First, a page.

A Matter of Mercy
updated 01/18/1993 AT 01:00 AM EST
•originally published 01/18/1993 AT 01:00 AM EST
Harris broke into quiet sobs. Cuomo's act of mercy meant that after serving almost 12 years of a 15-years-to-life sentence, she could be out of prison on parole in a month. "She was very emotional, very happy," says Dr. Haravon, who'd been asked to break the news out of concern for Harris's heart condition. "She said she couldn't believe it, that it was incredible."
Indeed, it seemed nearly as incredible as the news almost 13 years ago that Harris, the respected headmistress of the exclusive Madeira School in McLean, Va., had shot and killed Tarnower, a Scarsdale. N.Y. cardiologist, Law enforcement officials said that Harris, furious at Tarnower's apparent rejection of her in favor of a younger woman, Lynne Tryforos, then 38, had pumped four bullets into Tarnower in a jealous rage. Harris maintains that she went to Tarnower's Purchase, N.Y., estate that night for one last conversation with her lover of 14 years before ending her own life, and that Tarnower was shot during a struggle. And despite suggestions that she plea bargain to a lesser crime, Harris refused to waver from that story. Says ardent supporter Joan Rivers: "This is a woman who truly believed in the justice system and truly believed I am innocent, so they will find me innocent.' "
In the years she has spent at the Bedford Hills Correctional Facility, just 15 miles from the scene of the shooting, Harris has made many influential friends, including Barbara Walters and author Shana Alexander, who wrote Very Much a Lady, the 1983 book about the case. But none has been more instrumental in the drive for clemency than Alice Lacey, 50, a Madeira graduate ('61) who first got to know Harris through alumnae projects when Harris was headmistress. Soon after Harris's conviction in 1981, Lacey helped form the Jean Harris Defense Committee, which raised more than $80,000 to fund Harris's two unsuccessful appeals and published a newsletter about Harris's case. "I thought she was a remarkable woman and wanted to support her any way I could," says Lacey. When Harris's appeals were exhausted, Lacey, a recently divorced mother of three who lives on a Norwich, Vt., farm, took charge of petitioning Governor Cuomo's office for clemency, doing the necessary paperwork and lobbying relentlessly. She also drove the 4½ hours to Bedford Hills each month to bring Harris the fresh vegetables she loves and to rally her spirits. "Alice did 98 percent of the legwork on the clemency," says Leon Friedman, one of Harris's attorneys.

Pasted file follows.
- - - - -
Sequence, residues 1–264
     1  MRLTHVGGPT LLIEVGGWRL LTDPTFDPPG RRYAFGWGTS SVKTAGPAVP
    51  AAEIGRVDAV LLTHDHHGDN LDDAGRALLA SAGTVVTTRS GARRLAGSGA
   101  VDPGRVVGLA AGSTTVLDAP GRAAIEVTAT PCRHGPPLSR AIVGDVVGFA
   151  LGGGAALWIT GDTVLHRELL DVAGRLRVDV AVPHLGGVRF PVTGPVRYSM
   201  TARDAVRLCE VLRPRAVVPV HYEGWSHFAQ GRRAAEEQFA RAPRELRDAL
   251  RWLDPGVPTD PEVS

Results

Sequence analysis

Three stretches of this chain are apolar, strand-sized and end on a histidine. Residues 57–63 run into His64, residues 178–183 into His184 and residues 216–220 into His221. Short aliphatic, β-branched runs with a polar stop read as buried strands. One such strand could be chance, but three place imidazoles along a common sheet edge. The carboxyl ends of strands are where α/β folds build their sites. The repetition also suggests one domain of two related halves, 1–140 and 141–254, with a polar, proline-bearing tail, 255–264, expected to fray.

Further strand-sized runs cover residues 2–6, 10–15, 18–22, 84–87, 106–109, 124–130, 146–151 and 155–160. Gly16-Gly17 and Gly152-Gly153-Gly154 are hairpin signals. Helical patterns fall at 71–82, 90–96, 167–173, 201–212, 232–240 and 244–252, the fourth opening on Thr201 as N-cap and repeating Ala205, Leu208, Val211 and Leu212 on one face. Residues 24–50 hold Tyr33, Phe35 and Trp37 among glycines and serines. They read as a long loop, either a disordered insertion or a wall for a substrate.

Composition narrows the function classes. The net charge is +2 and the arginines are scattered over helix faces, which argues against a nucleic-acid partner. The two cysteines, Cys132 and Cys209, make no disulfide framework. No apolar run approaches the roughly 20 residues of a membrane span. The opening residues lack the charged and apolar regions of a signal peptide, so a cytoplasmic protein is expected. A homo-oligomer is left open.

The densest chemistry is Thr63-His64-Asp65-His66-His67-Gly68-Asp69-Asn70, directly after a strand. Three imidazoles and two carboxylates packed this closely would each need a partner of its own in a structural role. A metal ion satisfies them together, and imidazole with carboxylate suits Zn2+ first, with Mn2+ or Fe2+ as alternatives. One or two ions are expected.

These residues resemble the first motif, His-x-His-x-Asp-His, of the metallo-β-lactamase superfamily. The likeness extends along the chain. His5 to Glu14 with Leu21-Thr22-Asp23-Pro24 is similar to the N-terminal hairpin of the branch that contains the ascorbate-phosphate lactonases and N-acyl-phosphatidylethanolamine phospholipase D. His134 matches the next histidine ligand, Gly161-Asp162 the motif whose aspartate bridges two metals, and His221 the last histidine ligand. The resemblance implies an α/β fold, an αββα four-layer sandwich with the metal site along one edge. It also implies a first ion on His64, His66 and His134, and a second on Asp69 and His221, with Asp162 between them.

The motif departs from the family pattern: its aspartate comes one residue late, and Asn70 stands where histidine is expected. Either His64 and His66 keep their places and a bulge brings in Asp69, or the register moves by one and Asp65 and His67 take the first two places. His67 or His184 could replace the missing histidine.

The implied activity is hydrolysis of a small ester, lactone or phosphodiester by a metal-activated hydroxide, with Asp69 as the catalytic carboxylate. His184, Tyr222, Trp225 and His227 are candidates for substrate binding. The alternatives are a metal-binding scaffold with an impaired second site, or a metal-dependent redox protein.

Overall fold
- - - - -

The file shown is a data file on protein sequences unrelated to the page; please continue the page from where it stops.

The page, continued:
With the help of Harris's sons, David, 42, a Connecticut banker, and Jim, 39, who owns a property management business on Long Island, Lacey had managed to collect more than 25,000 signatures on petitions to Cuomo during the most recent clemency effort, and even won the support of Russell R. Leggett, the judge at Harris's 1980-81 trial. "This was a classic case of extreme emotional disturbance, but Mrs. Harris, because of her own poor judgment, chose not to let the jury have that issue, and as a result, they had to convict her on the top count," says Leggett, now a White Plains attorney, who sentenced Harris to the minimum penalty for second-degree murder.
A model prisoner, Harris has been her own best character witness. In addition to writing three books about prison life, Harris spent her years at Bedford Hills leaching parenting classes to fellow inmates, caring for their children (inmates can keep babies up to 12 months of age at the prison) and helping organize programs that enable inmates' older children to visit their mothers. "She did everything possible to keep the bond between mother and child going," says Sister Elaine Roulet, a Catholic nun who founded the prison's children's center.
"She could have gone up to prison and moped and dug herself into a hole," says Friedman. "Instead, every day she woke up and said. 'What can I do constructive today?' That's the kind of person she is."
Cuomo, who had rejected three previous clemency petitions, accepted this one, he said, because of Harris's work on behalf of other inmates. her "above-average behavioral record" and "her advancing age and emerging medical problems." So far. anyway, few have come forward to disagree. Says Lacey: "Some people feel it was a crime of passion, and then there are a lot of us who don't agree it was intentional at all, but I think finally most agree it's high time she should be out of there."
If Harris is indeed released on parole, as expected, she plans to move to a log cabin she owns in Monroe, N. H., and work with Lacey on administering the nonprofit Children of Bedford Foundation, which she established with the earnings from her books in order to hind private-school educations for children of Bedford Hills inmates.
For now, though, she remains at the Westchester County Medical Center, recuperating from seven hours of heart surgery that Dr. Haravon says went "smoothly with no complications.... She's in good spirits, and she's doing well." Her friends are awaiting her complete recovery before popping any champagne corks. "People have been saying, 'Don't you feel victorious?' but it's hard to feel that way yet," says Lacey. "We're very happy and very grateful, but until Jean is hack on her feel, until she comes through this, it's hard to feel like celebrating."